Thermoelectrics is a means of utilising thermal energy by converting it to electrical energy so that, when there is a heat differential between the opposing sides of certain semiconductor materials, the difference in temperatures causes the electrons in the material to move, creating an electric current.
Tristan Lewinsohn | MicroPower Global
Thermoelectric technology has had a tough time of things for decades with stagnant performance since the 1950’s whilst other members of the semiconductor family rocketed to world celebrity status as processors in computer machines during the information technology era. Thermoelectric performance is a giant…waking up and about to make a comeback of Hollywood proportions.
With potentially half the total yearly supply of fossil fuels (coal, gas and oil) being frittered away through waste heat via industrial processes, capturing this huge energy resource economically is seen as “the holy grail”.
Thermoelectrics is a means of utilising thermal energy by converting it to electrical energy so that, when there is a heat differential between the opposing sides of certain semiconductor materials, the difference in temperatures causes the electrons in the material to move, creating an electric current. The more efficient the material, the greater the temperature differential and amount of energy that can be captured from the heat, the greater the amount of current that becomes available.
Remaining privately funded and in collaboration with Texas State University, MicroPower Global has, for the past four years, been developing its proprietary thermoelectric technology quietly and discreetly.
Today, the company is ready to wow the public with its super-efficient “chips”, which use advanced semiconductor materials and add a secret barrier layer that magnifies performance of the material. The efficiency levels achieved - three times the norm - should open up demand from a multitude of existing industrial markets.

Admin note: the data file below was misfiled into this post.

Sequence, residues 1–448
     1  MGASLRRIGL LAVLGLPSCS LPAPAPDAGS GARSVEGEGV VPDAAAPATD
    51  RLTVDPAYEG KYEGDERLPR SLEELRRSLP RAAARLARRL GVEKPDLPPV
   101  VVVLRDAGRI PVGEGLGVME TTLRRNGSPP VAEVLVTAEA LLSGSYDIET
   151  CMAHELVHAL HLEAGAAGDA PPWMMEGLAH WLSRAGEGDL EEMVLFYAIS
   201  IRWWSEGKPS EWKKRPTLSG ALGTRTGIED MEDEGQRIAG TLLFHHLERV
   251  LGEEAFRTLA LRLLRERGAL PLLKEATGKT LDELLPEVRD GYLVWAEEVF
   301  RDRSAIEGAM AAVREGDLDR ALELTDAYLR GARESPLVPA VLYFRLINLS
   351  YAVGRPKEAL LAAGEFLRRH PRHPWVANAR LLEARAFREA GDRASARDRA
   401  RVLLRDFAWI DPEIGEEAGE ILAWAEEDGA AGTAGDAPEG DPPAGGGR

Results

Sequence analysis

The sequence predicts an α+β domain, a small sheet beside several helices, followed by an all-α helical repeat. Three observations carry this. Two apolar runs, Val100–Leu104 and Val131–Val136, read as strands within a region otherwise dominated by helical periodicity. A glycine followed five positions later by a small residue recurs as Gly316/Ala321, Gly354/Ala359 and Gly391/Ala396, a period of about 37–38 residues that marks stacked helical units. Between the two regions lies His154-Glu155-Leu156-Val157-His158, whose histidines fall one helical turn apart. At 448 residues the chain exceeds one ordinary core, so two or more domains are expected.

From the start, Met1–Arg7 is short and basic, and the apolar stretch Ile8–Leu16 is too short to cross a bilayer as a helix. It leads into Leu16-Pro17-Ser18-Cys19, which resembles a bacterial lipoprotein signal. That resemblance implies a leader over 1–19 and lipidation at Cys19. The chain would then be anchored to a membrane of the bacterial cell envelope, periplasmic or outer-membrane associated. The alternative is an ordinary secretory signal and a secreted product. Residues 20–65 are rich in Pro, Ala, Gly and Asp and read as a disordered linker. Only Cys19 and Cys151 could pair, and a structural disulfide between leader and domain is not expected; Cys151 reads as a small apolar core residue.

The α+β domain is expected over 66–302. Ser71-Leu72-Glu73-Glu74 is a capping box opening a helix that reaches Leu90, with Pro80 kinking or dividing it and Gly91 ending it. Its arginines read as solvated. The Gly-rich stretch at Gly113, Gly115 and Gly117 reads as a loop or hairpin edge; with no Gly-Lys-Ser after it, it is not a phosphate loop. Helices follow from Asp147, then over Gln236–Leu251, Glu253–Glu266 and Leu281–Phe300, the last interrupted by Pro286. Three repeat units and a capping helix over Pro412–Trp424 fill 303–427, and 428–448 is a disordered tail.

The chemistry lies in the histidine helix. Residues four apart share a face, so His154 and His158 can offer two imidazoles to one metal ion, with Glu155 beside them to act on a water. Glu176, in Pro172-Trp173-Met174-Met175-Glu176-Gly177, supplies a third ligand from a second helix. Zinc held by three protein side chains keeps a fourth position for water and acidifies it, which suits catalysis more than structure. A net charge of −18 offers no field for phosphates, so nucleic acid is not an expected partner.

“For quite some time we have been in discussions with leading industrial companies such as BMW, Boeing, Dow Chemical, GDF Suez, Bosch, ABB, Honeywell and 3M to name a few, and recent collaboration agreements signed with major industrial players show the appetite that the market has for our technology,” says commented Max Lewinsohn, MicroPower’s Chairman. “We are delighted to be collaborating with companies who can see the benefits of engaging with us at an early stage to develop integrated solutions.”
While the long-term prospects for MicroPower look strong, their immediate challenge is getting enough samples into the hands of industries all around the world. “At present we can’t satisfy the demand from potential customers, so securing the necessary funding to create thousands of samples and ramp up operations for the level of interest we are experiencing is vital” he added.
As well as pursuing traditional forms of financing, MicroPower has also undertaken a crowdfunding campaign to give members of the public who are interested in energy savings and reducing emissions the opportunity to support the venture.
The company launched this campaign on Kickstarter on Monday, July 15th – see http://kck.st/1anvCDY for more information.
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